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Table of Contents
EDUCATIONAL FORUM
Year : 2021  |  Volume : 29  |  Issue : 4  |  Page : 235-236

Diagnostic value of the salivary gland ultrasonography scoring system in patients with primary sjogren's syndrome


1 Rheumatology and Immunology Center, China Medical University Hospital; Rheumatology and Immunology Center , College of Medicine, China Medical University, Taichung, Taiwan
2 Rheumatology and Immunology Center; Rheumatology and Immunology Center , College of Medicine; Rheumatology and Immunology Center, Translational Medicine Laboratory, China Medical University Hospital, Taichung, Taiwan

Date of Submission01-Jul-2021
Date of Acceptance22-Jul-2021
Date of Web Publication15-Dec-2021

Correspondence Address:
Prof. Der-Yuan Chen
Rheumatology and Immunology Center, China Medical University Hospital, No. 2, Yude Road, Taichung 40447
Taiwan
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Source of Support: None, Conflict of Interest: None


DOI: 10.4103/jmu.jmu_144_21

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How to cite this article:
Huang PH, Chen DY. Diagnostic value of the salivary gland ultrasonography scoring system in patients with primary sjogren's syndrome. J Med Ultrasound 2021;29:235-6

How to cite this URL:
Huang PH, Chen DY. Diagnostic value of the salivary gland ultrasonography scoring system in patients with primary sjogren's syndrome. J Med Ultrasound [serial online] 2021 [cited 2022 May 16];29:235-6. Available from: http://www.jmuonline.org/text.asp?2021/29/4/235/332518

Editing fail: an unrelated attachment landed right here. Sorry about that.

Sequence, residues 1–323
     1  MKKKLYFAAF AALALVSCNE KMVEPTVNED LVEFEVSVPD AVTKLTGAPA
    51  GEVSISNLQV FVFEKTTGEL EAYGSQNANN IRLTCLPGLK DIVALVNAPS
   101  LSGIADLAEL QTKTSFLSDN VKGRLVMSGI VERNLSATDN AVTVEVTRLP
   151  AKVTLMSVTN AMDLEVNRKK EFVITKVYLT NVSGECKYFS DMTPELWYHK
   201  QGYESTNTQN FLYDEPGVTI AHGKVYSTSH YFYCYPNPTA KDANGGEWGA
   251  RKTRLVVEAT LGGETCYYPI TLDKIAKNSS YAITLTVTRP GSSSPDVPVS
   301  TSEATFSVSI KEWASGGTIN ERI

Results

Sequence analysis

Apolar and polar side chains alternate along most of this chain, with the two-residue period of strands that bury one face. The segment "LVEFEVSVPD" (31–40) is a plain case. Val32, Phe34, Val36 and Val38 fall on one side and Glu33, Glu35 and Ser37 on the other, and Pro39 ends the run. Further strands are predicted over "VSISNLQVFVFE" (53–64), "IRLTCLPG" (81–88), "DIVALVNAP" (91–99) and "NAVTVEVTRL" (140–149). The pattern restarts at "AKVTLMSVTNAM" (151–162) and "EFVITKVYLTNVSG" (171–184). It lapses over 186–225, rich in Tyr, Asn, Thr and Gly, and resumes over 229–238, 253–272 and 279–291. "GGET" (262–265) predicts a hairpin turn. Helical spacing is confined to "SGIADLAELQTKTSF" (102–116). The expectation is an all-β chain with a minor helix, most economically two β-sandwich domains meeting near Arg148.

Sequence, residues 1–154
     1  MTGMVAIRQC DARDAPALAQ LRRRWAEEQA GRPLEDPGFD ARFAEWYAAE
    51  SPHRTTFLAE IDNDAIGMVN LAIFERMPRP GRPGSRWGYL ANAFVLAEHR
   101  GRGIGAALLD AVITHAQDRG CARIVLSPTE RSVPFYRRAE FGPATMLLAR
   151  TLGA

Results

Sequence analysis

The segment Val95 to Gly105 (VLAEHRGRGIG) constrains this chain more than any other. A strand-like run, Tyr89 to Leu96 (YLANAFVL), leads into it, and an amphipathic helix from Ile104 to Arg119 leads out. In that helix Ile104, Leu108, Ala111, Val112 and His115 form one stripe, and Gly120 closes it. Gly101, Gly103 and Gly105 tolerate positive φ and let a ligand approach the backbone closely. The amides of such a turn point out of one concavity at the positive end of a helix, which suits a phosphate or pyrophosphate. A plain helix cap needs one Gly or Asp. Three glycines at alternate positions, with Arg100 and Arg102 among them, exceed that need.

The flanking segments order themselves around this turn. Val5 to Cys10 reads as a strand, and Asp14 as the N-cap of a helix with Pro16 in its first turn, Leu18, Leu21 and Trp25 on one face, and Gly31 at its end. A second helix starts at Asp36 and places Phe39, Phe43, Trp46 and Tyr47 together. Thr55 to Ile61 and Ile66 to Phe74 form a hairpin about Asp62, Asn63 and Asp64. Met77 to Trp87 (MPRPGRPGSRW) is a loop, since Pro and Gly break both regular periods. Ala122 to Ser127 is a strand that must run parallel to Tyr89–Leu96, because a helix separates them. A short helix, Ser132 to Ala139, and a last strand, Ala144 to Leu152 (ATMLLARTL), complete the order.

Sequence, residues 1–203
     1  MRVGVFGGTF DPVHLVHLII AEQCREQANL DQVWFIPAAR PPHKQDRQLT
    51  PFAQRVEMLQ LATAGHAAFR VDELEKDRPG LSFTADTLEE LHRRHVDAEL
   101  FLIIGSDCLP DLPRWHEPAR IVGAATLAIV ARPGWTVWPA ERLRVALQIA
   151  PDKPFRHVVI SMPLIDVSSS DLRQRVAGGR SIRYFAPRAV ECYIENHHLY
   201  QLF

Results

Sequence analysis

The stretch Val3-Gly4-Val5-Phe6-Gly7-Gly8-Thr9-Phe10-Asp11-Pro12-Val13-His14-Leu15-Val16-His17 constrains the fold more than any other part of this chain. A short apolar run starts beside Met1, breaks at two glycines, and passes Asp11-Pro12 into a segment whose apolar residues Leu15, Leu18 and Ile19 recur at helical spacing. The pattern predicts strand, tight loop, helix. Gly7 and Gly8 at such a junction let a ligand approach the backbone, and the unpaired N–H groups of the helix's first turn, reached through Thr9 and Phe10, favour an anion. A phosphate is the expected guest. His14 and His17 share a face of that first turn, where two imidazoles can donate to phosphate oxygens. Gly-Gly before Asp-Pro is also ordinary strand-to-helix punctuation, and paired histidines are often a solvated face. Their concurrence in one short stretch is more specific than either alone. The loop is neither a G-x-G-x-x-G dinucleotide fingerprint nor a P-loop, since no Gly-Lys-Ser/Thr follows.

Primary Sjogren's syndrome (pSS), a systemic autoimmune disorder, mainly involves the epithelium of exocrine glands that leads to organ swelling, inflammation, and dysfunction. The most common clinical manifestations are dryness of eye and mouth due to the involvement of the salivary gland and lacrimal gland, and nearly one-quarter of patients would have salivary gland enlargement; just like the patient with painless swelling of bilateral lacrimal glands, parotid glands, and submandibular glands described by Johann von Mikulicz-Radecki in 1888; or the three patients with dry mouth, dry eyes, and salivary gland atrophy described by Henri Gougerot in 1925. Because salivary glands are the organ been most violated, its pathological and morphological changes could be used as the diagnostic factors or follow-up indicators of pSS. However, tissue proven is an invasive procedure, which is difficult to be performed repeatedly in clinical practice; the morphology changes can be obtained by noninvasive imaging examinations, which are harmless and easy to be accepted by patients, such as ultrasound, sialography, computed tomography, and magnetic resonance imaging. Recently, given the evolution of ultrasound and its advantages of nonradiation, low price, and easy to use, ultrasonography represents the most frequently used to evaluate the morphological changes of salivary glands, even only tiny pathological changes. The standard salivary gland ultrasonography (SGUS) of parotid glands can be assessed in transverse plane and longitudinal plane with the landmark of the mandibular ramus; submandibular glands can be assessed in the longitudinal plane and transverse planes at the posterior part of submandibular triangle.